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Gordon Dickson, winner of the Hugo and Nebula awards, presents SF fans with a new adventure in which dwarfish lords and ladies who ride humans like horses plot the downfall of mankind. The Earth Lords (New York: Ace Books, 311 pp., $3.95 paper) is a gripping tale of man's struggle for freedom.

A different sort of intrigue emerges in Sovietologist Robert Conquest's indepth look at the assassination in 1934 of Sergei Kirov, heir-apparent to Stalin, in Stalin and the Kirov Murder (New York: Oxford University Press, 164 pp., $16.95). Conquest gives a chilling account of the assassination, which was never adequately investigated or explained, and establishes that Stalin himself sanctioned the murder that was later used to justify his reign of terror that peaked in 1937 and '38.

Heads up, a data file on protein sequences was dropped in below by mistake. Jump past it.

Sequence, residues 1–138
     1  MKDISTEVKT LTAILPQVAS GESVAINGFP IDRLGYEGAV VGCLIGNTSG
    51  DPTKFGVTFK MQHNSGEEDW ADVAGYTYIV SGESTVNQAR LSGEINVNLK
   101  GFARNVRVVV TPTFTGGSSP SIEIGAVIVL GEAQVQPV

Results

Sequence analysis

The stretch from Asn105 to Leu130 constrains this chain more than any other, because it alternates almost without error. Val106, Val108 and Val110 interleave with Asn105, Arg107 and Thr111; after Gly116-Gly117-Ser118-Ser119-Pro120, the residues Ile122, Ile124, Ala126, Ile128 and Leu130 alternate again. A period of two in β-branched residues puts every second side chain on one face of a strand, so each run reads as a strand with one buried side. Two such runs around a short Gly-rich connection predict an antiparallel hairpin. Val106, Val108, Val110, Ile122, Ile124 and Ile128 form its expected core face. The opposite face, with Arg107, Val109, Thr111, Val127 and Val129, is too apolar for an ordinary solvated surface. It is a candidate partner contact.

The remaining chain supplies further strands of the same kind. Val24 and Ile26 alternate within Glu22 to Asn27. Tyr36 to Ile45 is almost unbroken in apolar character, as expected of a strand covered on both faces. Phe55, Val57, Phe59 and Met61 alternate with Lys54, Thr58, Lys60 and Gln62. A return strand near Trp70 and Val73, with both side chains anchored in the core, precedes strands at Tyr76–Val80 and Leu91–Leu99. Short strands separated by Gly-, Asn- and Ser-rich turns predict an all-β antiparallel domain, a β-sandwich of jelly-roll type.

Frustrated with the mail service offered by the U.S. Postal Service? Douglas Adie's Monopoly Mail: Privatizing the U.S. Postal Service (New Brunswick, N.J.: Transaction, 197 pp., $34.95/$19.95) offers a refreshing proposal to eliminate USPS monopoly privileges and taxpayer subsidies. Adie blames the failures of the USPS—an inability to innovate, soaring labor costs, huge deficits, chronic inefficiency, and declining service—on its monopoly status and shows how competition will improve service for all consumers.

In another pathbreaking policy study, economist George Selgin investigates the workings and implications of an entirely unregulated banking system. Selgin challenges the widely accepted view that central banking is necessary for a stable monetary system in The Theory of Free Banking (Totowa, N.J.: Rowman and Littlefield, and Washington, D.C.: Cato Institute, 218 pp., $33.50).